• Would you physically injure or try to kill your own body?
  • Would you neglect your own health?
  • Would you say shameful things about yourself in public or to yourself in a mirror?
  • Would you put yourself down and kill your own hopes and dreams?
  • Would you promise yourself one thing and then do the opposite?
  • Would you hold yourself accountable for and remind yourself of your past sins if you have trusted in the forgiveness of God in Christ toward you?
  • Would you try to actively engage in two separate life pursuits that could not be accomplished at the same time?

If you said yes to any of those, it reveals first that you have yet to come to a divine understanding of what God's best is for you. Second, it reveals that your marriage would suffer as a result, as you would treat your spouse as you treat yourself, in a way contrary to Yahweh's ideal. Your next step is to read God's written Word and come to see yourself as He sees you, and as you treat yourself rightly, so will you be better equipped to treat your spouse rightly.

If you said no to any of those, now apply those questions to your wife. She should receive the same answer, for she is as your own body. Change your behavior accordingly and your marriage will flourish and your wife will be encouraged to live fully for God, having the help necessary in the flesh.

Come up with your own questions, think of things that you would never imagine doing to yourself, and then apply them to your wife (i.e, "Would I...?"). Be sure you aren't doing those same things to her, and you will see the truth of what God intended marriage to be.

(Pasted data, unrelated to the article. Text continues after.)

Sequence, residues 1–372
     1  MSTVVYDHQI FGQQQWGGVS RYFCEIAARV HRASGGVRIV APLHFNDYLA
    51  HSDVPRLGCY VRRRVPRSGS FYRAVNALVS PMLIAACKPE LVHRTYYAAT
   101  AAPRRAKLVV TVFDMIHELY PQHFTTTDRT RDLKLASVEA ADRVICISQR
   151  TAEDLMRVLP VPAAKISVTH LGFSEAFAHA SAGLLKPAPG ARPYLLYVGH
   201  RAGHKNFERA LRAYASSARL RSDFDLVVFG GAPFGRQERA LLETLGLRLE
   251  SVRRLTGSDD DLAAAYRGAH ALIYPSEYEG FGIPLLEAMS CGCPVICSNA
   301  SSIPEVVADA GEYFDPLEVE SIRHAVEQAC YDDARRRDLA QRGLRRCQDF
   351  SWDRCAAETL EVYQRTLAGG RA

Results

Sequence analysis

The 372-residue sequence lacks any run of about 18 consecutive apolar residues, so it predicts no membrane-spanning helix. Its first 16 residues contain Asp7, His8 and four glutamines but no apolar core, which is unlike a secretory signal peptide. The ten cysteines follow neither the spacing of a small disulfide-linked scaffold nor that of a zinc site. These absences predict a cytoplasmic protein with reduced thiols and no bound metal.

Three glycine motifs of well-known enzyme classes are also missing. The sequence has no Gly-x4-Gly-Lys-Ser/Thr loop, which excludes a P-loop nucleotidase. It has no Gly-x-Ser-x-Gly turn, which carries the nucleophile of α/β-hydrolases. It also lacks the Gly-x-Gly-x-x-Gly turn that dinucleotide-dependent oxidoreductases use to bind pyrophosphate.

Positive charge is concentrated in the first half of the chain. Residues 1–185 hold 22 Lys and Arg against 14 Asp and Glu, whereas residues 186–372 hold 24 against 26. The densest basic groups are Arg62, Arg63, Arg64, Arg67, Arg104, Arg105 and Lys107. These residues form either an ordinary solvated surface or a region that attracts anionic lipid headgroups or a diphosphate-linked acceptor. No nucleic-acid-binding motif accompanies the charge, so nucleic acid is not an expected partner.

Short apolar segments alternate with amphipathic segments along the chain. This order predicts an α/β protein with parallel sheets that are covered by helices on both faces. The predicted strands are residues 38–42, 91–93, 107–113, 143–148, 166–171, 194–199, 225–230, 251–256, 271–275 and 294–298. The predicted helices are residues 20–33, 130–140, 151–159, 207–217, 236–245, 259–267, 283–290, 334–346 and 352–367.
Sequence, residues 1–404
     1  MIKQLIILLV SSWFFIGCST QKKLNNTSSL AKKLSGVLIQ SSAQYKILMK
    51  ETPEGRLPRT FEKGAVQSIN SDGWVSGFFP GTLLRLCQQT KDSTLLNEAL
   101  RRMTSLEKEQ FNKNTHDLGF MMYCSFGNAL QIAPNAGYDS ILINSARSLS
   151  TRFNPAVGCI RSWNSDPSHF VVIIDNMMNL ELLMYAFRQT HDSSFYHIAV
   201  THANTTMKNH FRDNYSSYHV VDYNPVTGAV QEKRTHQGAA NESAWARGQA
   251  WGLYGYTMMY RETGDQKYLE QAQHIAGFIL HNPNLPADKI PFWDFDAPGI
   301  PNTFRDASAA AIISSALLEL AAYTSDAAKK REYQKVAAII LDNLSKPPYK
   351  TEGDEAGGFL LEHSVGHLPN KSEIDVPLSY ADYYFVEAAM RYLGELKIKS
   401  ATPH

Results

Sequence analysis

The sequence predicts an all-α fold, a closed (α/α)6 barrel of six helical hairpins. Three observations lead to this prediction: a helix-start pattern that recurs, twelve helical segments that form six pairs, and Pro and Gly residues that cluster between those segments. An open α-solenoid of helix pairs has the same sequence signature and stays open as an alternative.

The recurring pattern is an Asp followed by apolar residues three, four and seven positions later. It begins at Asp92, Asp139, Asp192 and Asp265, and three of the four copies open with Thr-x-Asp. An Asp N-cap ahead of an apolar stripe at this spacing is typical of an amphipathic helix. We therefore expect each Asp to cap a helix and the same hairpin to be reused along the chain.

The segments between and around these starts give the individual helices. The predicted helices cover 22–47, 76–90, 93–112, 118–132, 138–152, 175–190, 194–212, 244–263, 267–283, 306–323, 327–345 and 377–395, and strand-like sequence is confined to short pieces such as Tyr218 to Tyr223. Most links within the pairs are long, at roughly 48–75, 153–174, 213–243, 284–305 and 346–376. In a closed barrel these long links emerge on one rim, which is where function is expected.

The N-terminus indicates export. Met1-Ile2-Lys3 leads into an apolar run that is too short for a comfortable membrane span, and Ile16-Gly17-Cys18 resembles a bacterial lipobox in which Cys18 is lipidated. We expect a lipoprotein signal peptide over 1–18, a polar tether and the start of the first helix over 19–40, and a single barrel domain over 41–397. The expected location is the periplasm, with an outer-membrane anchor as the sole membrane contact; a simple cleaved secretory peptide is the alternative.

As the husband comes to love his wife as he loves and takes care of his own body, many problems in the marriage relationship will begin to melt away, and the union that Yahweh desires for them individually in spirit will begin to be revealed to them.

Being Bitter

Husbands, love your wives, and don't be bitter against them. (Colossians 3:19)

Again is the call to love the wife, here in the present active imperative tense: "love and keep on loving." Paul also says "stop being bitter against them" (more accurate then simply "don't be bitter"). The Greek scholar A.T. Robertson also believes this verb phrase "don't be bitter" (μη πικραινεσθε) to be in the middle voice, indicating it is something done to oneself. The husband is making himself bitter against his wife. To show the personal nature of this, the word προς ("toward, facing") is used where we have "against." The imagery is that it is a deliberate action of bitterness directed at the wife.